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Lower Hutt, New Zealand

Davies T.,University of Canterbury | McSaveney M.,GNS Science Ltd | Kelfoun K.,CNRS Magmas and Volcanoes Laboratory
Bulletin of Volcanology

We propose a mechanical explanation for the low basal shear resistance (about 50 kPa) previously used to simulate successfully the complex, well-documented deposit morphology and lithological distribution produced by emplacement of the 25 km3 Socompa volcanic debris avalanche deposit, Chile. Stratigraphic evidence for intense basal comminution indicates the occurrence of dynamic rock fragmentation in the basal region of this large granular mass flow, and we show that such fragmentation generates a basal shear stress, retarding motion of the avalanche, that is a function of the flow thickness and intact rock strength. The topography of the Socompa deposit is realistically simulated using this fragmentation-derived resistance function. Basal fragmentation is also compatible with the evidence from the deposit that reflection of the avalanche from topography caused a secondary wave that interacted with the primary flow. © 2010 Springer-Verlag. Source

Davies T.,University of Canterbury | Davies T.,Durham University | Beaven S.,University of Canterbury | Conradson D.,University of Canterbury | And 10 more authors.
International Journal of Disaster Risk Reduction

Quantitative risk assessment and risk management processes are critically examined in the context of their applicability to the statistically infrequent and sometimes unforeseen events that trigger major disasters. While of value when applied at regional or larger scales by governments and insurance companies, these processes do not provide a rational basis for reducing the impacts of major disasters at the local (community) level because in any given locality disaster events occur too infrequently for their future occurrence in a realistic timeframe to be accurately predicted by statistics. Given that regional and national strategies for disaster reduction cannot be effective without effective local disaster reduction measures, this is a significant problem. Instead, we suggest that communities, local government officials, civil society organisations and scientists could usefully form teams to co-develop local hazard event and effects scenarios, around which the teams can then develop realistic long-term plans for building local resilience. These plans may also be of value in reducing the impacts of other disasters, and are likely to have the additional benefits of improving science development, relevance and uptake, and of enhancing communication between scientists and the public. © 2015 Elsevier Ltd. Source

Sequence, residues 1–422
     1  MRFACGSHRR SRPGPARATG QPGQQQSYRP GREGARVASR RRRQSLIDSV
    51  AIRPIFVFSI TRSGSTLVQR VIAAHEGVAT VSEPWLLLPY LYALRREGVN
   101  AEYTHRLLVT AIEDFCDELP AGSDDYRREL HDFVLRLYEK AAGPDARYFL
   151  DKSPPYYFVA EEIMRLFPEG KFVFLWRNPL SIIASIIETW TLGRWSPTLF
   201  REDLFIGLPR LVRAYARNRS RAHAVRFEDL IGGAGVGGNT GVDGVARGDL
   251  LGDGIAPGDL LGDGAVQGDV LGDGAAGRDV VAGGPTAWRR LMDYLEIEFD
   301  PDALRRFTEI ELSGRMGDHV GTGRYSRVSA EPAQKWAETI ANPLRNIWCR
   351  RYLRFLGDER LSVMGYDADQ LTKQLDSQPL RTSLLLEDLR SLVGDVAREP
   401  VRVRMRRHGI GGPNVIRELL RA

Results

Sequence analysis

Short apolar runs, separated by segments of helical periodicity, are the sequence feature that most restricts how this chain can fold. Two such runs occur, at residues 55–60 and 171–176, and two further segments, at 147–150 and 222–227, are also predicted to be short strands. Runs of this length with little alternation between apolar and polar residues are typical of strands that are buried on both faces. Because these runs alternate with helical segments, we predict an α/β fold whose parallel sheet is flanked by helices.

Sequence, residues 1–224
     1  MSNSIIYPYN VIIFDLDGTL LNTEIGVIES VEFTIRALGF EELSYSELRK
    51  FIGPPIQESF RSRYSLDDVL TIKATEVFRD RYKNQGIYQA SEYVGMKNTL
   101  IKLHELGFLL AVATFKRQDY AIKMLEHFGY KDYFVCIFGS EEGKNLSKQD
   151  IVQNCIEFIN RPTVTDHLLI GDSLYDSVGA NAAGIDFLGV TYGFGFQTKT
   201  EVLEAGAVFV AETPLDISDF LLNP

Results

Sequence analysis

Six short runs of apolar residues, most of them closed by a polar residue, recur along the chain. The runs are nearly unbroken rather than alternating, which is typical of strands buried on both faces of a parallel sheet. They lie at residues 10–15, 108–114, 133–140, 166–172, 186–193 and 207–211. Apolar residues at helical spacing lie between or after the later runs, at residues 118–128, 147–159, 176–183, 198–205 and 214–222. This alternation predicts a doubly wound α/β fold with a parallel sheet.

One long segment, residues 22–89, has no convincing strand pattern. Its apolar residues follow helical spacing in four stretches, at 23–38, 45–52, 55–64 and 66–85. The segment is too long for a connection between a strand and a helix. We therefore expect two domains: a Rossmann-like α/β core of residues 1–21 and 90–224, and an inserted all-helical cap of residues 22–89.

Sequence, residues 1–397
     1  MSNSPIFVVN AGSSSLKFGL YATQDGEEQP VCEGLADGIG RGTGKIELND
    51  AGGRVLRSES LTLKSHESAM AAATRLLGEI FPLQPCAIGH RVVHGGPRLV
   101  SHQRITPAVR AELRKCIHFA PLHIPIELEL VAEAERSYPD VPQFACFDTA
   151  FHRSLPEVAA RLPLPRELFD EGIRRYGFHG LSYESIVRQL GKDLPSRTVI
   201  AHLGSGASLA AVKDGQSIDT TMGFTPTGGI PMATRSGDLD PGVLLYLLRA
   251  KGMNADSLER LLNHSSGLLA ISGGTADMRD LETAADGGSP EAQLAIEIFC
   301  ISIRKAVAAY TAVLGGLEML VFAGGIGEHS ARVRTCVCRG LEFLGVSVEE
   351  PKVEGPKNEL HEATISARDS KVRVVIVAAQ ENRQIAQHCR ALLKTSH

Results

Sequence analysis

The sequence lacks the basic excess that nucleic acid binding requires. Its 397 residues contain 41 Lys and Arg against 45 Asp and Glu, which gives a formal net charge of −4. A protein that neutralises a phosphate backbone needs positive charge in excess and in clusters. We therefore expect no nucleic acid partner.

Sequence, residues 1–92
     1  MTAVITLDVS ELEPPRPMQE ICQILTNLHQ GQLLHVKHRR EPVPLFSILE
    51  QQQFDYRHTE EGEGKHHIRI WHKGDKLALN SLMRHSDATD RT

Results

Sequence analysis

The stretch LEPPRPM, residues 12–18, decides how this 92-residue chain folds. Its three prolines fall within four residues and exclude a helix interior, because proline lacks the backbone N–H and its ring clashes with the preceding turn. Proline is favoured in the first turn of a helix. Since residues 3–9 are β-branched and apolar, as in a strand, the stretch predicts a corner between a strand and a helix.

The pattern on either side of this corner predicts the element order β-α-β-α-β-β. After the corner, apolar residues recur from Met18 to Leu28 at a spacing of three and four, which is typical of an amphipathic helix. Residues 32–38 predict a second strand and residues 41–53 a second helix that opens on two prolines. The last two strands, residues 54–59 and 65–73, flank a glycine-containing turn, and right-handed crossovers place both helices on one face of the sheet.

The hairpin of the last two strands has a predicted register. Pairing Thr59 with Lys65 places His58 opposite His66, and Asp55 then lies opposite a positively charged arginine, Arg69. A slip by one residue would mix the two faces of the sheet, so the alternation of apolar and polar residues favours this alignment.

Ryan M.T.,Victoria University of Wellington | Dunbar G.B.,Victoria University of Wellington | Vandergoes M.J.,GNS Science Ltd | Neil H.L.,NIWA Ltd | And 4 more authors.
Quaternary Science Reviews

Paleo-vegetation records developed from marine sedimentary sequences offer considerable potential for examining changes in terrestrial climate beyond the range of 14C dating because they can be independently dated by δ 18O stratigraphy. Here we present the first pollen record of vegetation from a marine core site in the Tasman Sea, TAN0513-14 (42°18'S, 169°53'E), ~110 km west of New Zealand's South Island. An independent chronology provided by correlating the Globigerina bulloides δ 18O record at TAN0513-14 to a global isotope stack shows that the record extends back to 210 ka. Glacial to interglacial changes in palynomorph content are characterised by shrub and podocarp-broadleaf forest taxa respectively and are correlated with similar changes in the ca 150 kyr-long terrestrial pollen record from Okarito Pakihi (bog), 110 km to the south southeast. Both records are placed on the same timescale by matching variations in Dacrydium cupressinum and Fuscospora between sites, with a unique tie point provided by the ca 25.4 ka Kawakawa Tephra. Our Southern Hemisphere mid-latitude vegetation records show forest extent is greatest during periods of low ice volume, high mean annual sea surface temperature (MASST) and anti-phased with local insolation intensity. However, there are several features not attributable to changes in mean annual temperature. First, a fundamental change in forest composition occurred at Termination II (TII), with a loss of southern beech (Nothofagus) from the study area. Second, the amplitude of MASST change through MIS 5 is not reflected in corresponding changes in forest extent, suggesting other feature(s) of regional climate (seasonality, frostiness, ice cover) exert important controls over vegetation patterns at these latitudes. © 2012 Elsevier Ltd. Source